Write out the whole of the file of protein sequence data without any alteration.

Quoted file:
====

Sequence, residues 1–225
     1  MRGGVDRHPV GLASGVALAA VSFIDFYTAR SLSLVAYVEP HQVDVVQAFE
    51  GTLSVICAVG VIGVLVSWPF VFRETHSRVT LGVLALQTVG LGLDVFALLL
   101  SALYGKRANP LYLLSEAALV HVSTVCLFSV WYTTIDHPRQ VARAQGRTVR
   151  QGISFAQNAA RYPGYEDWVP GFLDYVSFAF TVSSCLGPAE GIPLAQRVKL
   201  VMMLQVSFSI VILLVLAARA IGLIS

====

Sequence, residues 1–225
     1  MRGGVDRHPV GLASGVALAA VSFIDFYTAR SLSLVAYVEP HQVDVVQAFE
    51  GTLSVICAVG VIGVLVSWPF VFRETHSRVT LGVLALQTVG LGLDVFALLL
   101  SALYGKRANP LYLLSEAALV HVSTVCLFSV WYTTIDHPRQ VARAQGRTVR
   151  QGISFAQNAA RYPGYEDWVP GFLDYVSFAF TVSSCLGPAE GIPLAQRVKL
   201  VMMLQVSFSI VILLVLAARA IGLIS